‘We Started Seeing Results Immediately’: How Kenji’s Ramen Increased Sales by 10 Percent with Upserve Online Ordering

‘We Started Seeing Results Immediately’: How Kenji’s Ramen Increased Sales by 10 Percent with Upserve Online Ordering

A restaurant owner who doubles as the owner of a computer wholesale and importing business, Kenn Pluard is at the apex of foodservice and technology. He knows how important that relationship is as he grows the Washington-based Kenji’s Ramen & Grill, a business that saw a 10 percent increase in sales from implementing online ordering. It’s just one way he’s using technology to keep up with the rising costs of doing business. Learn about the other ways Pluard is using technology to stay ahead.

 


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How Online Ordering Can Help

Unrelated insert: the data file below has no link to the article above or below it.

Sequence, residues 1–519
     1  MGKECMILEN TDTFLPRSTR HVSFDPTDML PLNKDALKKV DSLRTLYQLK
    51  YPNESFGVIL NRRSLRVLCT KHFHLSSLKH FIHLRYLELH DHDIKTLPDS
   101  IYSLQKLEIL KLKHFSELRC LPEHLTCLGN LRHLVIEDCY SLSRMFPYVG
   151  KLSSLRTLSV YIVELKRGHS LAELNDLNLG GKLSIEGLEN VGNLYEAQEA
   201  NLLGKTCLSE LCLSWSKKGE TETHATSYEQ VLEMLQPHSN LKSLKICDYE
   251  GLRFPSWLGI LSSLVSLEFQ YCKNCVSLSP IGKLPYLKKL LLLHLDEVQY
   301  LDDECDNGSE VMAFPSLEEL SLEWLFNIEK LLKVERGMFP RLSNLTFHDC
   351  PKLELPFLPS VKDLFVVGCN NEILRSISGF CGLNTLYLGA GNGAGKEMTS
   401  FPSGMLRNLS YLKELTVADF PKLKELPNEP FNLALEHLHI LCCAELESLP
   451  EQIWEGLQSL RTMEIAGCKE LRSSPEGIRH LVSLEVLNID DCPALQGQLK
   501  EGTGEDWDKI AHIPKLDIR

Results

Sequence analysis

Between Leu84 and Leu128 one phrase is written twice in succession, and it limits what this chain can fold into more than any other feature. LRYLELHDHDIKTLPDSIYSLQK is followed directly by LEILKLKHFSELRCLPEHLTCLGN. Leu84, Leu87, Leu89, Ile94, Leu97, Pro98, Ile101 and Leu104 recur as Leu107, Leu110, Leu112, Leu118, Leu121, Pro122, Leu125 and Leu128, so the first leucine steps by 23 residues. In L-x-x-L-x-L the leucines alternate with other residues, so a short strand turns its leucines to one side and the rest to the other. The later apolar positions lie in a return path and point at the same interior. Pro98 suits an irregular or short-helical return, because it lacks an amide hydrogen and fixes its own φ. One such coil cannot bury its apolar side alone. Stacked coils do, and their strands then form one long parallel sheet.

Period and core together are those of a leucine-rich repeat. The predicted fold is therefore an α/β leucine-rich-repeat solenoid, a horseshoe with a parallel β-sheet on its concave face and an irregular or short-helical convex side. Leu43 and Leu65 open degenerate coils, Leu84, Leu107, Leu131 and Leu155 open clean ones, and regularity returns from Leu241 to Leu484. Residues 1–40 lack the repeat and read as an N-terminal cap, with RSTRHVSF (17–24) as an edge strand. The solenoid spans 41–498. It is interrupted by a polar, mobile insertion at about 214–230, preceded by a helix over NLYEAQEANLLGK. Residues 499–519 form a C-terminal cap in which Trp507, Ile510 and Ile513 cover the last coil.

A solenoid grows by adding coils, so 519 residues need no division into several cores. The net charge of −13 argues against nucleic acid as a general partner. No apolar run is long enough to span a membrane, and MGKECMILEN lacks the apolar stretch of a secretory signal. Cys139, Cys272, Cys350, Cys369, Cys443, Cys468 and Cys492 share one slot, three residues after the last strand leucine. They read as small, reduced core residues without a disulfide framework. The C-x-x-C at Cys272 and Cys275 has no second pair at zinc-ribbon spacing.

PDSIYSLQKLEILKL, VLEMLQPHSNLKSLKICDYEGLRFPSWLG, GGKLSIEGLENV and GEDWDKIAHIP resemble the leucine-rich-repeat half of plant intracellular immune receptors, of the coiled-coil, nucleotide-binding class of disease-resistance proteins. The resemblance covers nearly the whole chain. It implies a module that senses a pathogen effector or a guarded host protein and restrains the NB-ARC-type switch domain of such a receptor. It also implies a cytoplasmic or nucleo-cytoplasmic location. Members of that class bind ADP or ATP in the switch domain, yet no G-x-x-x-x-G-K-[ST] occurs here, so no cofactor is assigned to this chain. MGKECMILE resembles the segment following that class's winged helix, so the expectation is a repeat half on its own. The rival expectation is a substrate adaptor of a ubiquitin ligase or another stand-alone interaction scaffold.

By accepting online orders through a page on its existing website, Kenji’s Ramen is able to eliminate human error and inefficiencies by removing the server as the middleman who needs to key in orders manually, and instead send the orders directly from the POS back to the kitchen for prep.

Using Technology to Combat Increasing Labor Costs

“Technology can make processes more efficient. Eventually, restaurant owners are either going to raise their food prices or cut down on labor. If they can be more efficient with labor by using technology, it will pay for itself,” Pluard says. “I just wish all these restaurants could see what I see.”

Keeping Delivery Commissions in Your Pocket

With online ordering integrating directly into the Kenji’s Ramen website, the 20 or so online orders a day avoid being hit with the third-party delivery commissions that can total upwards of 35 percent per order. For perspective, on an average $13 order, Pluard can keep the $4.55 instead of paying that amount in commission. In one month, with just 100 orders, this totals almost $500; in a year, $5,500. As online ordering volume grows, these numbers add up. “You have to have online ordering. It’s critical,” he says.

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